mixed land uses

Mix Land Uses

Land use designations should allow for a mix of zoning types (e.g. residential, retail, office, light industrial) in specific areas.  Design for attractive, vibrant places that draw people in and are comfortable and enjoyable enough for them to stay.  Scale the mix of zoning to the area both now and as it will grow in the future. Enable residents to meet their needs without using a car, either due to the proximity of uses or the ease of other.

Best Practice Actions

  1. Adopt zoning codes to allow, encourage or require the type of development envisioned in the adopted vision and plan (e.g. include minimum densities, consider form based zoning codes and subarea plans to provide more detail).
  2. Address urban design issues through use of design standards.
  3. Encourage green building standards should be encouraged and integrated into design standards as much as possible.
  4. Pay attention to design standard details: for example, include sustainability and crime prevention through environmental design strategies. Implementation may include the development of: gathering places such as small public parks, farmers markets, plazas, sites for public art, distinct character in different parts of city or from neighboring cities, parking management (# of stalls, internal and external costs), lighting, and signage.
  5. Address operational design standards, e.g. freight deliveries, garbage storage and pick up, recycling, light and glare, noise, parking lot sweeping to reduce impacts.
  6. Use streamlined planning actions (e.g., permitting) to get the type of development you want where you want it.

Benefits of Mix Land Uses

  • Provide a base for transit oriented development.
  • Promote walking, biking and use of transit within neighborhoods.
  • Reduce travel distances, enable “linked trips” where one trip provides for many activities, and allow drivers to park once and then get around easily on foot.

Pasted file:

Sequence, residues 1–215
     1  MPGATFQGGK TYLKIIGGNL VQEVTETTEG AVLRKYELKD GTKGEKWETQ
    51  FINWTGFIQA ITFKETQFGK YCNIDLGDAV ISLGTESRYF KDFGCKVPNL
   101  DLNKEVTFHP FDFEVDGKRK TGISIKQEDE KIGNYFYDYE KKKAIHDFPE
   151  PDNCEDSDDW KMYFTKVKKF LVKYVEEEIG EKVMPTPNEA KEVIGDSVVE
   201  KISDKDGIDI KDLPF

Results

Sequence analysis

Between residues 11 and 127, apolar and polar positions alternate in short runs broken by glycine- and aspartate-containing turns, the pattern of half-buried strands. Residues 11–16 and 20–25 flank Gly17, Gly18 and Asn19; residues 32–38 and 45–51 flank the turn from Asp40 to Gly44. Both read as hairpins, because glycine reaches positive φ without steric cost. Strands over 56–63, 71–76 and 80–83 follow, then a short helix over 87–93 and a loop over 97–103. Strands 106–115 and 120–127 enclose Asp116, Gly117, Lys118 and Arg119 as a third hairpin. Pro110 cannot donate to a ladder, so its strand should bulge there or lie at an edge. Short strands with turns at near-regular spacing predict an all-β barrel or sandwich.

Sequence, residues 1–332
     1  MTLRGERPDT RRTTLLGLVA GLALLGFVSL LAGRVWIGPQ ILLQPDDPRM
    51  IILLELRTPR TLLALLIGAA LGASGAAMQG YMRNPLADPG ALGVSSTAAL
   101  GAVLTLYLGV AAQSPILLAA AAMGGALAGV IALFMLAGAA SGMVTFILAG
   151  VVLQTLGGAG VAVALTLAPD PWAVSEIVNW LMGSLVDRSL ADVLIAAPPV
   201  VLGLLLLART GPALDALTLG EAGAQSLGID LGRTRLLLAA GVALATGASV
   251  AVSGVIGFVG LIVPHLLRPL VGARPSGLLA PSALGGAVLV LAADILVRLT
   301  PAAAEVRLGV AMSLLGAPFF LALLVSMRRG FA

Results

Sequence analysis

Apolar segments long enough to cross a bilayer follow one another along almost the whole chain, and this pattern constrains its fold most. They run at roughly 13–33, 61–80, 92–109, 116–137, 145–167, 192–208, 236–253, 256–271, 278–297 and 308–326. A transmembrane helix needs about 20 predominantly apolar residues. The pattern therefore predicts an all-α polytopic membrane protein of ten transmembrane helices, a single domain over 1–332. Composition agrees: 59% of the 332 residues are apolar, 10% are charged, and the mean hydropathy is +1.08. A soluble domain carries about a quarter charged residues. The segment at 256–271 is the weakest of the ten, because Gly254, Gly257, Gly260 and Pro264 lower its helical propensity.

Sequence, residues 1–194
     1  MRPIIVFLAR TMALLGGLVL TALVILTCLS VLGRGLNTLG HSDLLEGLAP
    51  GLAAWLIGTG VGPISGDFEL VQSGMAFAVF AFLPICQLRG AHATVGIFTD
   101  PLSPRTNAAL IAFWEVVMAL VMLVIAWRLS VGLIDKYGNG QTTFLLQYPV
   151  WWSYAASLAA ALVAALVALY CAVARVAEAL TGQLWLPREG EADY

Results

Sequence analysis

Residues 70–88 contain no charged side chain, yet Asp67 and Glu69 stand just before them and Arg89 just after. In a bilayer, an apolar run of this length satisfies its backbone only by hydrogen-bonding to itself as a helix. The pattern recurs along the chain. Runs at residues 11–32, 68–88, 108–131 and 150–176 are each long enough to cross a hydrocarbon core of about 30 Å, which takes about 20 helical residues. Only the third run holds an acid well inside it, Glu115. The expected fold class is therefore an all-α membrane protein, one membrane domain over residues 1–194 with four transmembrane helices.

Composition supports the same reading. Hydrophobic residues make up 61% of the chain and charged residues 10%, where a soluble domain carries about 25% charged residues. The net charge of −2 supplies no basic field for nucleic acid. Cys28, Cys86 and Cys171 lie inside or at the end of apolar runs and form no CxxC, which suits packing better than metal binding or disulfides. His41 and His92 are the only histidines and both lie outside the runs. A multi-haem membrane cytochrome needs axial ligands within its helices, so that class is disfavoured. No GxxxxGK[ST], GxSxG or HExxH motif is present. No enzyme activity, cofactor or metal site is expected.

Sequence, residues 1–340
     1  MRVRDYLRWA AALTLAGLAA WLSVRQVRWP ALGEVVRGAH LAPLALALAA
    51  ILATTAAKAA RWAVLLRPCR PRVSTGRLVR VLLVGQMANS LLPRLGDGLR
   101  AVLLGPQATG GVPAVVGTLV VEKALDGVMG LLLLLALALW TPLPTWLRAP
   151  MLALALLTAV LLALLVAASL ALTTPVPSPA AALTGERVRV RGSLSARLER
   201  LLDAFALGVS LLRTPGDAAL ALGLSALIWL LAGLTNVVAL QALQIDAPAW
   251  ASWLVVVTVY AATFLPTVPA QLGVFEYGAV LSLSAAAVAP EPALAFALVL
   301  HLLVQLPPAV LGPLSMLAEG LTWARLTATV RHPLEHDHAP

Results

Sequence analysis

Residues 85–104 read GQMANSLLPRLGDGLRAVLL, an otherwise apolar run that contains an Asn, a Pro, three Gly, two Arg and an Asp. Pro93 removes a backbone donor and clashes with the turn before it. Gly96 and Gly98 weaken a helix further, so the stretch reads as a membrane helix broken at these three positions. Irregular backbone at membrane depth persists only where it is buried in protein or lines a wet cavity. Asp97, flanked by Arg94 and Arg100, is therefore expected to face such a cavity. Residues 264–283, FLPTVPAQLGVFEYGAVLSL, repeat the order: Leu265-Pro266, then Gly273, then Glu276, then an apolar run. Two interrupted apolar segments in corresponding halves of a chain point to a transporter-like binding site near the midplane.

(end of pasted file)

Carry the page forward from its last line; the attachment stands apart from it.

• Encourage social interaction as people fulfil more of their needs in their local area.
  • Provide a mix of public spaces to cater to a range of users (children through to older adults).
  • Support “placemaking”.
  • Add commercial to a residential development for elevated sales and property taxes.
  • Spur revitalization.
  • Enhance an area’s unique identity and development potential.
  • Increase revenue.
  • Provide the 3Ds—population density, land use diversity, and pedestrian friendly design that are a potentially promising factor to prevent obesity.
  • Create more walkable neighborhoods that promote lower obesity rates and healthier communities. (Brown 2009)

Tools & Resources

Mixed Use
Municipal Research Services Center
Development Agreements
Municipal Research Services Center
Planned Actions
Municipal Research Services Center
Streamlining Local Permit Review Procedures
Municipal Research Services Center
Infill Development
Completing the Community Fabric
Sustainable Development and Smart Growth
Municipal Research Services Center
Infrastructure & Transit
Urban Land Institute
Planning & Design
Urban Land Institute
Climate & Energy
Urban Land Institute
Sustainable WA: Planning for Climate Change
WW Chapter, American Planning Association
Livable Washington
Washington Chapter, American Planning Association


Kendall Yards

Redevelopment of a former rail yard overlooking the Spokane River into a high density, mixed use neighborhood within a short walk from Downtown Spokane.


Vista Field Redevelopment Plan

A master plan to redevelop a former airport site in hear heart of Kennewick into a mixed use urban village that includes a mix of high to medium density residential homes with small scale neighborhood and destination commercial and cultural uses.

Share your example of a transportation efficient community.